In discussing his infancy Augustine is forced to talk about what he in a sense cannot know or understand because he cannot remember and as an infant he lacked the cognitive tools to assess his environment. This beginning highlights a profound place of humility that represents our common condition as humans. We all begin in a state of original innocence. Although we cannot examine this state through recollection we can explore it by inference through the observation of other infants. St. Augustine is not attempting to engage in scientific enquiry or to develop a theory of cognition. His focus is on the will and the practical context of communal interaction. Carl Vaught notes, “The infant’s struggles to express its desires reflect a fundamental opposition between positive and negative elements in its nature, and it is out of this internal conflict that the negative community of fallen individuals emerges.” [i] Here we begin to touch on the tension between original innocence and original sin in the human condition. The Church affirms that the doctrine of original sin is an essential part of the faith (CCC 388-390). The Catechism reminds us;
How did the sin of Adam become the sin of all his descendants? The whole human race is in Adam "as one body of one man".293 By this "unity of the human race" all men are implicated in Adam's sin, as all are implicated in Christ's justice. Still, the transmission of original sin is a mystery that we cannot fully understand. (CCC404)
Or solidarity with Adam leaves us afflicted with this condition but the Church has not clearly defined the exact mechanism for its transmission. Various theories were being debated at the time of St. Augustine and even today the Catechism calls this “a mystery that we cannot fully understand” (CCC404).
By analogy to other babies Augustine recounts his first smiles and also his tantrums “because my elders were not subject to me” (1.8) and even the “sins of infancy” including greed and jealousy (1.7.11) though he is quick to point out that we do not discipline infants for this behavior because they would “not have been able to understand” (1.7.11). Ultimately Augustine moves on, comparing his infancy to a dark blank in his memory on par with the time he spent in his mother’s womb (1.12).
Moving on to his boyhood Augustine begins to describe his acquisition of language. Some modern philosophers have criticized Augustine for what they perceive to be his overly simplistic approach to the subject. Ironically this is based on a failure to read him carefully. Augustine makes it clear that language is learned through a framework of social conditioning based on the interactions with the linguistic community formed by his parents and nurses (1.8.13).[ii]
Augustine’s early school experiences appear to be mostly negative. He enduring being beaten at school and recounts his heart felt fear of such torments. Hi parents only mocked his punishments. Looking back he notes the irony of disciplining children for their love of play when many similar adult pursuits are considered “business” (1.15). Yet he acknowledges his fault, “I sinned because I disobeyed them not in order to choose something more worthwhile, but simply because I loved games” (1.10.16). His disobedience was motivated by the triple concupiscence of vain glory, curiosity, and lust. For these follies he begs God’s mercy.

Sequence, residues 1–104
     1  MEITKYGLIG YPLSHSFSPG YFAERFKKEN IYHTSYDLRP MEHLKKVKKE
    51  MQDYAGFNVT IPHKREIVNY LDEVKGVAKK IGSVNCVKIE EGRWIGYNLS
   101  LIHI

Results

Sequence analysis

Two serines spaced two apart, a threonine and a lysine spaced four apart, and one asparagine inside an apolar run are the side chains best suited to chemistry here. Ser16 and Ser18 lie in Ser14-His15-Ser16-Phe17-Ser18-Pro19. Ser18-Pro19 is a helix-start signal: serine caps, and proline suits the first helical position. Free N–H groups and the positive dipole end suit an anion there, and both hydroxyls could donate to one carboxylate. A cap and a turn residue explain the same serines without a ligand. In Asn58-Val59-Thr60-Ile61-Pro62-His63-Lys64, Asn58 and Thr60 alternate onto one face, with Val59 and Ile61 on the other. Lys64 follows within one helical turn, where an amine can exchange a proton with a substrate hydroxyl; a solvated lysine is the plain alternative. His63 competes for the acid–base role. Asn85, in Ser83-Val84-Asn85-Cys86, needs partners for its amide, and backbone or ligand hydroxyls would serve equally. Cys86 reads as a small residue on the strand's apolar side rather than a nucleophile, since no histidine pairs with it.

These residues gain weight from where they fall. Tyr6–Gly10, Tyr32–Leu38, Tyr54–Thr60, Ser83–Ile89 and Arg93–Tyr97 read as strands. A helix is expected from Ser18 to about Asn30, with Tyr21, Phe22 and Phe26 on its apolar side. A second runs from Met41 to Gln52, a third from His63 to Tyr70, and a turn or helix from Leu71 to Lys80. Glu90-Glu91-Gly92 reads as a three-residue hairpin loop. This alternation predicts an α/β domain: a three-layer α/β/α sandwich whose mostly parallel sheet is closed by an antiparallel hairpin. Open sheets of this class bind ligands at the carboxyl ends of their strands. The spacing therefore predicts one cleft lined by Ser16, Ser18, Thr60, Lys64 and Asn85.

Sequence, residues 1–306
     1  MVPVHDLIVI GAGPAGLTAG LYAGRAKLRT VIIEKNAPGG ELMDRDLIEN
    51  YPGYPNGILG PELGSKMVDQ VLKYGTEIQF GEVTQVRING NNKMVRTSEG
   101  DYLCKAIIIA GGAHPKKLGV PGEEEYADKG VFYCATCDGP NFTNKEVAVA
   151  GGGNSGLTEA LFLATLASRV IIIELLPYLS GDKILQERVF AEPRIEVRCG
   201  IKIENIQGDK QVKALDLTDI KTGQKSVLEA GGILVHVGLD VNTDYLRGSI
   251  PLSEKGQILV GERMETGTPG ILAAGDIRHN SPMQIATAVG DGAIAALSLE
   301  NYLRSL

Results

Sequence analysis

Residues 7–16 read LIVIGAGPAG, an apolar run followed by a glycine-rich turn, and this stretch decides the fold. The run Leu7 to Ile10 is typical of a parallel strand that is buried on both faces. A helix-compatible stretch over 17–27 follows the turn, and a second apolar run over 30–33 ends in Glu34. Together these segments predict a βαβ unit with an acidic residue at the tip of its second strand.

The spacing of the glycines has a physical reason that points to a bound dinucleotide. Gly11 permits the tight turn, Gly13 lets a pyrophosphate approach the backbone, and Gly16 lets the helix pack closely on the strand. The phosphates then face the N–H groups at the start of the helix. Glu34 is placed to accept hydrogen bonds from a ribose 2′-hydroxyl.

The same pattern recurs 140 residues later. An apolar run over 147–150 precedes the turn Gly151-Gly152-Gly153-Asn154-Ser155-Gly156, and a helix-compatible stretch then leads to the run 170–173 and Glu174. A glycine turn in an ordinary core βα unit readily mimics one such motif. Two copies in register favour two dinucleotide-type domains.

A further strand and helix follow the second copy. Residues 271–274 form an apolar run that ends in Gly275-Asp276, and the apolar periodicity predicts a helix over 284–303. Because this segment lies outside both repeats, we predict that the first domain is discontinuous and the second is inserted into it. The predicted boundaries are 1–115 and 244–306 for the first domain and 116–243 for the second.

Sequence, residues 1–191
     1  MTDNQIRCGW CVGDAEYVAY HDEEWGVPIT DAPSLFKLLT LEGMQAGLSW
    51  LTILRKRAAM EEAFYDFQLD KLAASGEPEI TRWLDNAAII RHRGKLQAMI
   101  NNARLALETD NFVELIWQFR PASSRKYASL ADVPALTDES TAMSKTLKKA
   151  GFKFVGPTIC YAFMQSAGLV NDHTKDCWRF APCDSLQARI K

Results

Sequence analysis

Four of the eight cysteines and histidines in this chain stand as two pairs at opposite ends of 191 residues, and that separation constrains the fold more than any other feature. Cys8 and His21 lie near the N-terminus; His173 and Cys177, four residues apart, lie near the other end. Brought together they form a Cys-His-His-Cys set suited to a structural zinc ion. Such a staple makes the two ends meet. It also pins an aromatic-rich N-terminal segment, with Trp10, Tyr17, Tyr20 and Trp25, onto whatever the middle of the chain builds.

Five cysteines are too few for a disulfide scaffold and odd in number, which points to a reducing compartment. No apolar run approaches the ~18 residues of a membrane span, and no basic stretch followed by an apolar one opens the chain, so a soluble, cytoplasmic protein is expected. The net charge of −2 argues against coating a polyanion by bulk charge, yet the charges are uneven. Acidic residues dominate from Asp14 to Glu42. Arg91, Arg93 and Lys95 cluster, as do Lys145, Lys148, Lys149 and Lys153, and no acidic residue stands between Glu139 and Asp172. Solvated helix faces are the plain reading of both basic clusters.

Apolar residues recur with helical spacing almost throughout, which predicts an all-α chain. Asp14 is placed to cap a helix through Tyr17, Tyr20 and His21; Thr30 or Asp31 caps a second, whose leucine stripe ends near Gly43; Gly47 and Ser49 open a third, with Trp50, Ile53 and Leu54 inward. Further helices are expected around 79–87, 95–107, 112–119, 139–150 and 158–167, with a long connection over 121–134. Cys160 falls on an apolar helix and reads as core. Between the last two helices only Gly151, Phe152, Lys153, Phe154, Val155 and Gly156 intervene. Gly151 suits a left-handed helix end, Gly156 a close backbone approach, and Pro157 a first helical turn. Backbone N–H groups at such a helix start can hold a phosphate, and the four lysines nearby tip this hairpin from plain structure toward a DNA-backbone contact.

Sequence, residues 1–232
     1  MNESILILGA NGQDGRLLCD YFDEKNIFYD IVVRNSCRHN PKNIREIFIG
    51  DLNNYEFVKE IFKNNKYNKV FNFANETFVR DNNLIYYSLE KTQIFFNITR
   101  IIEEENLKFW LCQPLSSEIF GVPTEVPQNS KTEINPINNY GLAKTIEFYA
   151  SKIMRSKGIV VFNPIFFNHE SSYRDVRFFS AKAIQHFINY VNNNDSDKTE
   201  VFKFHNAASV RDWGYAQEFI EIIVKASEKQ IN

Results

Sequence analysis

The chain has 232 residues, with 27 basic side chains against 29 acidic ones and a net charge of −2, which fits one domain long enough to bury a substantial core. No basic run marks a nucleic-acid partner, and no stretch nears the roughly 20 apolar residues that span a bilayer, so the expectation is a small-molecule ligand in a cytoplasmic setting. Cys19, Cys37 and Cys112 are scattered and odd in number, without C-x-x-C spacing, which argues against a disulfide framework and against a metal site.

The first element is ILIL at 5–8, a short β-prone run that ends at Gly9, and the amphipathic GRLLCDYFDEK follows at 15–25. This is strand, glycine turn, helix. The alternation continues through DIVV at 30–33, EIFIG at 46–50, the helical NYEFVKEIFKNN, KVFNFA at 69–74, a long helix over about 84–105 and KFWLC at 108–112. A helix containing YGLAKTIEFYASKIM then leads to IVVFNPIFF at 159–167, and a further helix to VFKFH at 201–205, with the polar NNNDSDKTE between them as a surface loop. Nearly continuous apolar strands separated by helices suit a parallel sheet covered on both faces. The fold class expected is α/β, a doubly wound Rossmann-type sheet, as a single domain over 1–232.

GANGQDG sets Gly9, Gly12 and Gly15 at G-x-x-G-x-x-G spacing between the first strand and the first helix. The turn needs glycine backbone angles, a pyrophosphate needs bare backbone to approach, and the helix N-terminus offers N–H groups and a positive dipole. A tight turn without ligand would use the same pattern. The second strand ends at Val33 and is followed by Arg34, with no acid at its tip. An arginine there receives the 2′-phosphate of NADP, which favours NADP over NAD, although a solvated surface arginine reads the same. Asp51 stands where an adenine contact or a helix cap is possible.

Next he recounts an incident where he became deathly ill with a fever. He earnestly begged to be baptized but recovered. He notes;
My cleansing was therefore deferred on the ground that if I lived I would inevitably soil myself again, for it was held that the guilt of sinful defilement incurred after the laver of baptism was graver and more perilous (1.11.17).
Looking back Augustine, asks God to what purpose his baptism was delayed. He could have entered adolescence with the graces of this sacrament to face the waves of temptation. God has turn to profit the lessons he learned.
In his studies Augustine loved Latin literature and hated Greek. He preferred learning in the language of his community rather than studies in a foreign tongue. His boyish mind was taken with the frivolous tales of Virgil’s Aeneid. He notes how he wept “over Dido, who killed herself for love” (1.13.20). He notes further that he gave full reign to his curiosity studying the Greek and Roman myths which model many obscene deeds. He complains about the use of words as finely-crafted vessel into which “the wine of error” was mixed “by teachers who are drunk themselves” (1.26). Augustine recounts how he became a gifted speaker, yet he recounts how empty and vacant it is to recount “licentious deeds in correct and well-turned phrases, in ample and elegant style” (1.18.28). One can be trained in fine speech yet still neglect the eternal rules directed to unending salvation (1.29).
Text © Scott McKellar 2011
[i] Carl G. Vaught, The Journey toward God in Augustine’s Confessions: Books I-VI, (Albany: SUNY Press, 2003), p. 32.
[ii] Vaught, Journey, calls Augustine’s account “proto-Wittgenstienian.” p. 41.